In the state of Washington, Siemens has started operating a satellite-based toll system that charges variable fees. A total of 500 drivers will be taking part in the pilot phase in the Seattle area. As is the case with the German Toll Collect system, the vehicles are equipped with on-board units (OBUs) and their position is tracked by the Global Positioning System (GPS). GSM technology is used to maintain contact between the OBUs and a control center. As soon as the motorists drive onto a toll road, the system sends them a visual signal. Unlike the German system, this solution doesn’t require any control bridges.
GPS enables the toll system to immediately determine the exact location of the vehicles. This information is then compared with the digital road network data for the greater Seattle area and appropriately classified, which makes it possible to charge tolls on the basis of the distance traveled as well as on the time of day. And by checking out their OBUs, drivers can keep tabs on how much they owe at any given time.
The heart of the toll system is the management center’s software, which was programmed by Siemens Industrial Solutions and Services (I&S). This is where the system is monitored and controlled. The software can precisely determine when a vehicle has driven through certain fee zones. In order to gain an accurate impression of the motorists’ driving patterns, the road network has been divided into 8,000 fee zones. The resulting data allows the operator to determine how high traffic volume is on various stretches of road, which then serves as the basis for calculating the amount of the toll. By charging different prices depending on the time of day, the authorities hope to reduce the amount of traffic on frequently used roads while at the same time making alternative routes more attractive for motorists in terms of costs or inducing drivers to use other modes of transportation.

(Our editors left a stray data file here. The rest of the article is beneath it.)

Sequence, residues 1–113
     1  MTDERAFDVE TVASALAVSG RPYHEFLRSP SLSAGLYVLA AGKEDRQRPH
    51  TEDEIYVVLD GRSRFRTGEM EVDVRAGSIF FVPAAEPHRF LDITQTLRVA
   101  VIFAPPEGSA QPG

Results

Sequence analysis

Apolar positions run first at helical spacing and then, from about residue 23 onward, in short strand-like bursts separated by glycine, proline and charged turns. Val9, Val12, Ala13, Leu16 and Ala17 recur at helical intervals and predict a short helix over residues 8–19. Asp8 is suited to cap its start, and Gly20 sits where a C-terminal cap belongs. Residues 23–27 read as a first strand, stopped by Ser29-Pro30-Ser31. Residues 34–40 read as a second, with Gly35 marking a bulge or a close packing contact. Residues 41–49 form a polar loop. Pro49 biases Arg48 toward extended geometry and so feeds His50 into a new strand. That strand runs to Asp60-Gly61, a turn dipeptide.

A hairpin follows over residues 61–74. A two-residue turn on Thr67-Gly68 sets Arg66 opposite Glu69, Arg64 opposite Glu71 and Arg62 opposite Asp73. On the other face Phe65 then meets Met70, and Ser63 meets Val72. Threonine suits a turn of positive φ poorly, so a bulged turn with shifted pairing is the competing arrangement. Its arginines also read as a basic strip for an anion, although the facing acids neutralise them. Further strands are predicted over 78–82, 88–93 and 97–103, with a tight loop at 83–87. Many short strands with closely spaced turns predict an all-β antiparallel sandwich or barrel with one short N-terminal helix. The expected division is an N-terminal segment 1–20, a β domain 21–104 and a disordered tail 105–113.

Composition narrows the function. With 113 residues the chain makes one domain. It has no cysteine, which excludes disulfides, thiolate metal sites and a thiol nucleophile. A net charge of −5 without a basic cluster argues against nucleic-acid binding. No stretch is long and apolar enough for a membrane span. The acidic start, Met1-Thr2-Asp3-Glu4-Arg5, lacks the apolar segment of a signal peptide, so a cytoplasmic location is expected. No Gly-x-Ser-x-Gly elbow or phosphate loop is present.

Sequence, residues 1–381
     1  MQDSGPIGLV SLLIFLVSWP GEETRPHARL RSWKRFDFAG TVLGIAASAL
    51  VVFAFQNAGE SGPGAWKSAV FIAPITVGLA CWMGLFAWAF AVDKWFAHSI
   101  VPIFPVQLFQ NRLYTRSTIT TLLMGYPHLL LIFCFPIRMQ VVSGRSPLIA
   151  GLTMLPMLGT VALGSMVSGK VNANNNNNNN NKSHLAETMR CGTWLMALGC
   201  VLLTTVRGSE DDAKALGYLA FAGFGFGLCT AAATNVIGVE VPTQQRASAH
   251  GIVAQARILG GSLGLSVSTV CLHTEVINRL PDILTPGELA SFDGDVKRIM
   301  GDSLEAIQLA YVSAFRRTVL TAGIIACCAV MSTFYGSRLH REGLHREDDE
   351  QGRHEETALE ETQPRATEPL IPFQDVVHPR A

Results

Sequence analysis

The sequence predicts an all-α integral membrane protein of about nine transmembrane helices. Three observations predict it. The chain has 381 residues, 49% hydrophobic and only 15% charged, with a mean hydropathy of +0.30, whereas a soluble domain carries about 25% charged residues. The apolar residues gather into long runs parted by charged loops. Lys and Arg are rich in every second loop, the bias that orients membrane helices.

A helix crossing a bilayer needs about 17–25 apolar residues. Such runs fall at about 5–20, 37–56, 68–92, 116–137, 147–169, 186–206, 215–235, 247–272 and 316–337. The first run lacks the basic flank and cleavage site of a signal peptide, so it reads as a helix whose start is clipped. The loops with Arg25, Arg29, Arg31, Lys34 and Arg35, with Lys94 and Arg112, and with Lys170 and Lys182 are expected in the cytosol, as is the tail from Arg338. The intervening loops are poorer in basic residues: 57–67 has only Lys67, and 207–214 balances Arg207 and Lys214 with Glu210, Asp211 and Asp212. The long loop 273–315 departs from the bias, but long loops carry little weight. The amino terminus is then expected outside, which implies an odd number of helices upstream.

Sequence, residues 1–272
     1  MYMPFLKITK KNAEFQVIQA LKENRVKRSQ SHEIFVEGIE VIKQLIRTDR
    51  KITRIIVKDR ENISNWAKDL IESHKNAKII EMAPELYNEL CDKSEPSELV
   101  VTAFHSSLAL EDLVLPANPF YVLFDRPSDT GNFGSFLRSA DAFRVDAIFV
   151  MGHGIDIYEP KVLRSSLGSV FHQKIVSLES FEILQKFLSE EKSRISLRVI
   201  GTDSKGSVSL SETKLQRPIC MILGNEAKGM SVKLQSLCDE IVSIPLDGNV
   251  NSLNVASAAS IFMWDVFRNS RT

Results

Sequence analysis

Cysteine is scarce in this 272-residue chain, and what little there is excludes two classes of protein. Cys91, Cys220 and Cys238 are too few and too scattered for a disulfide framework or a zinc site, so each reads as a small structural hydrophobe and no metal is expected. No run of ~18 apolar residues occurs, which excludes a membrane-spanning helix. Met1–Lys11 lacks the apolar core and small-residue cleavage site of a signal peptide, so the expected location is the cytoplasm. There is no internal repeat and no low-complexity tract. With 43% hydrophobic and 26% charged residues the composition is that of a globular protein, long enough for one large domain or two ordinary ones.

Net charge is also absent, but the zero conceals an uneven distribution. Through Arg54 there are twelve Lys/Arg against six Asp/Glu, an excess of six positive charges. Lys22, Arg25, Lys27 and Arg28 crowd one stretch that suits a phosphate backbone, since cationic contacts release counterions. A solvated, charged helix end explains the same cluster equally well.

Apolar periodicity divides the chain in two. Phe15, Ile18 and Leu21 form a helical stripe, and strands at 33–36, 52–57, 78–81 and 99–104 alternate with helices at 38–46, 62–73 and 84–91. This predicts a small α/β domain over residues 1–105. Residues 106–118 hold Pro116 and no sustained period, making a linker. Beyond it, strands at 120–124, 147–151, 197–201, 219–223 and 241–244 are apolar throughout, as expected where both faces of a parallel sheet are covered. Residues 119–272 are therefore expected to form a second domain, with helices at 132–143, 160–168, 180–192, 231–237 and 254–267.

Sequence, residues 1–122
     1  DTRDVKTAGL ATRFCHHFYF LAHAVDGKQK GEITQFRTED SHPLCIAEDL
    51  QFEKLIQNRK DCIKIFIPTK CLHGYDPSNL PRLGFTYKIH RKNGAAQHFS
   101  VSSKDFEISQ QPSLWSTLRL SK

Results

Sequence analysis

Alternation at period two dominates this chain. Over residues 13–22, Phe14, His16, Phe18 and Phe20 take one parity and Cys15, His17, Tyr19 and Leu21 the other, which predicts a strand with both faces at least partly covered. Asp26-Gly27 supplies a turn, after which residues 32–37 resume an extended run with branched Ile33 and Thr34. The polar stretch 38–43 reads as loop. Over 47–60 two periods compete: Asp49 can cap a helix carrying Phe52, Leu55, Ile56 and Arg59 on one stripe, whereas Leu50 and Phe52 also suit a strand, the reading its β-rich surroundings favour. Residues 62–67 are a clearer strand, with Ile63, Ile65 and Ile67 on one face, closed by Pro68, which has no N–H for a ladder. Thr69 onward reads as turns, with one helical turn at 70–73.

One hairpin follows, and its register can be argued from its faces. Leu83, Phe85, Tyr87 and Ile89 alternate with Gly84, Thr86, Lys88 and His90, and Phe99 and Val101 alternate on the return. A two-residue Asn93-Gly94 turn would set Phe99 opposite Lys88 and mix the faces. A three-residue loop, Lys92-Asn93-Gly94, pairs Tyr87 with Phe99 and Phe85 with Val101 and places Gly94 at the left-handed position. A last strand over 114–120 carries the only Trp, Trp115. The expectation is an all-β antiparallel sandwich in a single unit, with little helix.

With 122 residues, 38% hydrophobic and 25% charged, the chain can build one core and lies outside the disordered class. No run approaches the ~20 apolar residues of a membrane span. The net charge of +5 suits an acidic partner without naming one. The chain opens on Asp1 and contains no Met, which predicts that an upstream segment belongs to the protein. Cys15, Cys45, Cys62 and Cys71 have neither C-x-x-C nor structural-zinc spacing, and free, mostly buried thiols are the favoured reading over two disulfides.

The toll system is operated by the Puget Sound Regional Council (PSRC), which is responsible for planning, designing and financing traffic projects in the greater Seattle area. The PSRC stores the vehicles’ position data, manages the user accounts and creates monthly overviews documenting road use. Siemens processes the data — which is subject to the usual data protection regulations — in line with its customer’s needs. In addition to developing the software, Siemens I&S was responsible for coordinating the project and for integrating all systems and components. The OBUs were supplied by VDO Automotive.
Explore further: Sensors everywhere could mean privacy nowhere, expert says